While Thompson’s favorable name identification was 68 percent, Neumann’s was just 37 percent. Yet Thompson could get to only 40 percent in the ballot test.
The Club for Growth poll also included a series of “message testing” questions, sometimes called “push questions” (which have absolutely nothing in common with “push polls,” which are not polls at all). The questions provided information about the former governor and asked after each one whether respondents would be more or less likely to support him.
The questions included various bits of information about Thompson’s past support for higher taxes and kind words for “Obamacare.”
A second ballot test conducted after the “push questions” showed Thompson’s support had collapsed, with the former governor now trailing Neumann 40 percent to 22 percent.
Push questions in early surveys are of limited value, of course, because they present only one side of the story and focus respondents on just a few issues that might or might not be the crucial issues or factors that determine an election’s outcome.
In this case, however, the results reinforce the conclusion that Thompson’s support is shallow and raise questions about the former governor’s ability to survive a seriously contested primary.
Wisconsin Republicans know Thompson’s name and have a positive impression of him. But they really don’t know why, and when presented with negative information about him — information that isn’t far-fetched and that can be documented — they turn on him quickly.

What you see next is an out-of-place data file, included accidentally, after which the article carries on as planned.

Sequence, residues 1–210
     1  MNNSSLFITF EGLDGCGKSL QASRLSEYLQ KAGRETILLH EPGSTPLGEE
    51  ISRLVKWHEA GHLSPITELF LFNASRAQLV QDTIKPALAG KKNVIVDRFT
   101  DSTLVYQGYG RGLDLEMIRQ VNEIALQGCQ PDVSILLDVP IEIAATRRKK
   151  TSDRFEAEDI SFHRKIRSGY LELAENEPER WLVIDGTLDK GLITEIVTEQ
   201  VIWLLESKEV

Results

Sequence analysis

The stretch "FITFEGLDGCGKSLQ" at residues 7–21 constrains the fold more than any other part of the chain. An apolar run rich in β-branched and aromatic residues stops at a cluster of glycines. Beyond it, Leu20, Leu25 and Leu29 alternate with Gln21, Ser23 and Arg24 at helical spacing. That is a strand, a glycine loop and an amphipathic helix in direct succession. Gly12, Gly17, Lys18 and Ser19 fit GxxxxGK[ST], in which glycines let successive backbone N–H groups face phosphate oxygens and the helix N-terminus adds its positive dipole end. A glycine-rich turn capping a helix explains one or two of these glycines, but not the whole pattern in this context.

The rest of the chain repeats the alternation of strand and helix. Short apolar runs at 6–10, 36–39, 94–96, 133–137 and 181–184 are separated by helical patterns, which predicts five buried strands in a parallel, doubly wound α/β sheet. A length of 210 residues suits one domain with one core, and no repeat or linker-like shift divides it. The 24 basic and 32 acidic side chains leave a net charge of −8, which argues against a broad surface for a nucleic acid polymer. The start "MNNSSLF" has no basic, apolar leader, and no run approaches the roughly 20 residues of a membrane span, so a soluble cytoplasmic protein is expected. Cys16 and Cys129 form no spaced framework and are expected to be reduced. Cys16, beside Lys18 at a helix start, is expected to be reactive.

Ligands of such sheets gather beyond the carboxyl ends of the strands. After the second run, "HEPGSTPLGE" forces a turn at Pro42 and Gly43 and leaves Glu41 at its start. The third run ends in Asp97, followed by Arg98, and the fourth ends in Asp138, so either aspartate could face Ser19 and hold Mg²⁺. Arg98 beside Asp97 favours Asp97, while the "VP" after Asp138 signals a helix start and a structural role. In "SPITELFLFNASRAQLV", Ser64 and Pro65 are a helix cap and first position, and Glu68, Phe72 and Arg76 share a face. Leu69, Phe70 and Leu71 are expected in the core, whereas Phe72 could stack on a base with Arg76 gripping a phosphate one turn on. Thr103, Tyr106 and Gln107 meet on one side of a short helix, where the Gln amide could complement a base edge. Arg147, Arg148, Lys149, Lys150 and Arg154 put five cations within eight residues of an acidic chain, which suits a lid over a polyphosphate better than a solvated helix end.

One veteran GOP operative who is not yet involved in the race but has considerable experience in the Badger State told me that Thompson can be nominated only if “nobody who can put two nickels together runs against him.”
“Even Republican donors who supported Tommy in the past and might support him again are unenthusiastic about him running for the Senate next year,” the operative said. “He is yesterday’s news, and his comments on Obamacare will kill him. Plus, he’s a pre-Internet candidate. He’ll tell groups whatever they want to hear, even if their views are diametrically opposed. You can’t do that these days.”
Not surprisingly, supporters of Thompson disagree. They argue that while some national conservative groups have it in for Thompson, the former governor has plenty of support among state conservative and tea party groups.
One longtime Thompson ally portrayed the former governor as a tax-cutting, job-creating, veto-wielding cutter of spending, citing a litany of specific examples that the campaign could use to remind primary voters of his record.
“We aren’t naive here,” the Thompson ally said. “We know things have changed politically, and we welcome a debate challenging his conservative principles.”
But as a four-term governor, Thompson had to deal with the political realities of the day, and opponents surely will focus on some of the compromises and statements he made along the way. His chances of winning a primary would improve if the conservative vote is fractured among a number of hopefuls.
No matter who wins the GOP primary, Republicans are upbeat about their prospects.
Former Sen. Scott Brown, R-Mass., candidate for U.S. Senate in New Hampshire, holds his hand over his heart during the singing of the national anthem as he waits to take the stage for his town hall campaign rally with Sen. John McCain at the Pinkerton Academy in Derry, N.H., on Monday, Aug. 18, 2014.